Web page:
I finely shredded a small white cabbage and a small red cabbage. Finely sliced a small red onion, and grated half a giant carrot – probably the size of one normal carrot. In a bowl I combined a couple of tablespoons of organic mayonnaise, about two teaspoons of whole grain mustard, a little under one teaspoon of Dijon mustard, a glug of extra virgin olive oil, a splash of white wine vinegar, salt, pepper and a little warm water. I mixed this all together and added my shredded, sliced and grated veg. Stir it altogether and you have my version of coleslaw.
What I’ve realised is that you don’t need to think that you need to ‘attempt’ to make coleslaw. It is in fact, quite simple. I’m sure you could try lots of different combinations, and with a little bit of tweaking to create the flavours you’re after it would still taste great. So have a go, it’s the perfect way to eat raw vegetables at this cold and inhospitable time of year.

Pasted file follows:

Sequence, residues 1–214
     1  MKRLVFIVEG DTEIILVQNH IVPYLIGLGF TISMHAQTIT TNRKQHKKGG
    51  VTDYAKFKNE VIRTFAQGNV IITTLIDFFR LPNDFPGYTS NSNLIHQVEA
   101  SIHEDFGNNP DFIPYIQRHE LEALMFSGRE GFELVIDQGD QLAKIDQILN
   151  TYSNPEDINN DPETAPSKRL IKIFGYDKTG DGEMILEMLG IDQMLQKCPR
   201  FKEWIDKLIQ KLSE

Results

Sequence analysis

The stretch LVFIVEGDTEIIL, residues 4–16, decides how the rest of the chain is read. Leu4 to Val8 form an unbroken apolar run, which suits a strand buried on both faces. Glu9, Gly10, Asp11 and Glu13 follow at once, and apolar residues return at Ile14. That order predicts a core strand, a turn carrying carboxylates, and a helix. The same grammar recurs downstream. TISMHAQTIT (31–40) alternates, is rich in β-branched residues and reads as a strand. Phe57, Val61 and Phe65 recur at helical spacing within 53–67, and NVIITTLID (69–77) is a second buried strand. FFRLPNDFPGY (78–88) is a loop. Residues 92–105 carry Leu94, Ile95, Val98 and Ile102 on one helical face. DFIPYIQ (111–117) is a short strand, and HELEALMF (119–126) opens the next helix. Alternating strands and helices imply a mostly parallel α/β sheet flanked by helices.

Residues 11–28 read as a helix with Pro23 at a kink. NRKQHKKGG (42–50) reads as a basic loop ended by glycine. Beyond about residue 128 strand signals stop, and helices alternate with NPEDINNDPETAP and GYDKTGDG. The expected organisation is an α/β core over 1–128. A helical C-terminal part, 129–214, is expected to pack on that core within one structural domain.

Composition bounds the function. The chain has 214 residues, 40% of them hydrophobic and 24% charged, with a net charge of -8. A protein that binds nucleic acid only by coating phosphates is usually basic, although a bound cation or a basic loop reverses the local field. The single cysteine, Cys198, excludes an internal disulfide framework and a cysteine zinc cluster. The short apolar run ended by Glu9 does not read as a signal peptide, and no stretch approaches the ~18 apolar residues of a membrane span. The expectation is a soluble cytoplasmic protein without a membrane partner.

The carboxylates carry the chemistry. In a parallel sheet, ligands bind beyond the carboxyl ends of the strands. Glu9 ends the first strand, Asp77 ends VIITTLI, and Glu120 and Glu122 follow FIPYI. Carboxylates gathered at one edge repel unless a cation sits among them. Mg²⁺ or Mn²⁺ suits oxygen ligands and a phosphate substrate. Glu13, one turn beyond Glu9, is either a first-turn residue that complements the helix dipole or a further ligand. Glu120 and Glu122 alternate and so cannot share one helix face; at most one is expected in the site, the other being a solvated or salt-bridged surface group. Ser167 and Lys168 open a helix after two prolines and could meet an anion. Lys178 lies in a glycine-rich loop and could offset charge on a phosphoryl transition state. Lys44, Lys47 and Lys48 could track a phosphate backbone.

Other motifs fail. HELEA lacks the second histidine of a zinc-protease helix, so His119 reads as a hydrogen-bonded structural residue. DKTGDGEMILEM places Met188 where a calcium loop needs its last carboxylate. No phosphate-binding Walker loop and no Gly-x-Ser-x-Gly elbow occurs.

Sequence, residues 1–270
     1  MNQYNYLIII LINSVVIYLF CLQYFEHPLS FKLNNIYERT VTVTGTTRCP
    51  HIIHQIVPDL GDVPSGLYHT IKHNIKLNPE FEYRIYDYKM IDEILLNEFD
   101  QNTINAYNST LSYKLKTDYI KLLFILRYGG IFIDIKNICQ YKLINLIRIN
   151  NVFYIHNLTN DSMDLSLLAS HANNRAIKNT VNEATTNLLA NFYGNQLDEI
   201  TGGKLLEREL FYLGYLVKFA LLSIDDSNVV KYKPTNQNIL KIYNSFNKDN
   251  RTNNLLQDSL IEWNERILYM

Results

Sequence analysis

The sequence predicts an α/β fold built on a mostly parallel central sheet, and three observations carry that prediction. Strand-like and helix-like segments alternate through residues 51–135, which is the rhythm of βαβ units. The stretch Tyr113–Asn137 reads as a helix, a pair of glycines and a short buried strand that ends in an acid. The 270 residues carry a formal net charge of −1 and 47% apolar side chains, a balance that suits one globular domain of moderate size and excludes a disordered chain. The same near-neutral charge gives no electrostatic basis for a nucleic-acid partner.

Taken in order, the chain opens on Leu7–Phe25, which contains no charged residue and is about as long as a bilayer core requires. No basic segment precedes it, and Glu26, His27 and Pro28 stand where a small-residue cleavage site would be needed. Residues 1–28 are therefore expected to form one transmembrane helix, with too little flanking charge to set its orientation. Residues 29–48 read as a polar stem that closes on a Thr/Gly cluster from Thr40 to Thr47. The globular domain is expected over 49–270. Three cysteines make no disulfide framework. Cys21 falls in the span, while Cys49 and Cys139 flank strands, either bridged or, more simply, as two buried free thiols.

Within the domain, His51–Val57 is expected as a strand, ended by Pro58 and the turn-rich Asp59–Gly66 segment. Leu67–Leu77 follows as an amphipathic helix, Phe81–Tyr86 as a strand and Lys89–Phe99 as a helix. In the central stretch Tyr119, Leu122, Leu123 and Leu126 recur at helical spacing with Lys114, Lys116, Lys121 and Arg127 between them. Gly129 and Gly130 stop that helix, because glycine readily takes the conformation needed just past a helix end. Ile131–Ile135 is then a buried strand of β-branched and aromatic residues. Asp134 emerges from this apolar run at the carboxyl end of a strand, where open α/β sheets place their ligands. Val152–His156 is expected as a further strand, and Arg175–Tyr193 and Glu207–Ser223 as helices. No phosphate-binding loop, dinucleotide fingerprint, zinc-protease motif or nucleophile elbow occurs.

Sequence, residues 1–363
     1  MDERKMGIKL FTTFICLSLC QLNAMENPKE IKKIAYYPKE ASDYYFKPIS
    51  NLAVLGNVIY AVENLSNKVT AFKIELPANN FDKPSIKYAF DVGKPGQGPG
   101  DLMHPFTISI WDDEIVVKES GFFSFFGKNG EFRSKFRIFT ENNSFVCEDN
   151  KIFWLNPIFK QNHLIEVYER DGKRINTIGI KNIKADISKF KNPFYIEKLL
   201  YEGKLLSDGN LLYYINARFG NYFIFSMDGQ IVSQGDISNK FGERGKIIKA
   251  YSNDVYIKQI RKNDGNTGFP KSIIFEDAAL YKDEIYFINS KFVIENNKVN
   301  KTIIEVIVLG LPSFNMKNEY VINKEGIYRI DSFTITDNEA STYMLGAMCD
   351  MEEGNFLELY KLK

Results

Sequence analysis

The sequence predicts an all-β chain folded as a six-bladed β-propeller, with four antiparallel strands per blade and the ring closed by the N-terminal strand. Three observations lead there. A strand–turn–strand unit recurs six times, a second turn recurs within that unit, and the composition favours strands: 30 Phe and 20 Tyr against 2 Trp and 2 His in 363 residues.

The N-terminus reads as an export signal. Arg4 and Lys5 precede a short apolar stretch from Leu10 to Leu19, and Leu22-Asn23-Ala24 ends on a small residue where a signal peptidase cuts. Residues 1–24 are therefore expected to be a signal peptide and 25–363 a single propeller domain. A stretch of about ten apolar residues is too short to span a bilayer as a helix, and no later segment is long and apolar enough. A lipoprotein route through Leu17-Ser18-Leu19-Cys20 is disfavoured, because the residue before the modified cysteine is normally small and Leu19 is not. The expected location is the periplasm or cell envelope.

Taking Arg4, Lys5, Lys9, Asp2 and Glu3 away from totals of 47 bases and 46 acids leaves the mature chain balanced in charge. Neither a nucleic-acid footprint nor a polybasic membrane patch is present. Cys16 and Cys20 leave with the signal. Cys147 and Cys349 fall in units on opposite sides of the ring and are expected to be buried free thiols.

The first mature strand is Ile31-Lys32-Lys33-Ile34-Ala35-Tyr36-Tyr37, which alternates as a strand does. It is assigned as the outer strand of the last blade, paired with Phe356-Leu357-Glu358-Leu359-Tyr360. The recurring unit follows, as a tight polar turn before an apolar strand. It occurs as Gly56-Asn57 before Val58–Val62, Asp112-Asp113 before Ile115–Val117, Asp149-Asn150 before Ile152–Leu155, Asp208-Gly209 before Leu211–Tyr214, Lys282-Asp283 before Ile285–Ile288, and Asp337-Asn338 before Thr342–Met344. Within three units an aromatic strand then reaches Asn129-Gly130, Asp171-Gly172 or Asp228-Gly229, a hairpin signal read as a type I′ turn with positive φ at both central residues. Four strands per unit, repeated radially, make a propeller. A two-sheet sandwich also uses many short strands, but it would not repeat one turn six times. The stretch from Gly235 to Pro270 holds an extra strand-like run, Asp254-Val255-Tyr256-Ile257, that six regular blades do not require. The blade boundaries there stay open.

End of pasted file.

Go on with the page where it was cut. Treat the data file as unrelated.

We ate ours two ways: N served his coleslaw with a minute steak (from Little Heath Farm) and a hunk of Cheese and Sundried Tomato bread (from Barkbakan – this bread is delicious, it is topped with mixture of seeds, one of which is caraway which seems to have the effect of hightening the cheese and tomato flavours); I ate mine with a potato, cheese and leek pastry.
Yesterday we took a trip to Little Heath Farm in search of a delicious cut of pork for our lunch today. We don’t normally do the whole Sunday Lunch thing, but every so often it seems like a nice thing to do. Today is one of those days, and we are working on the crackling as I write this post!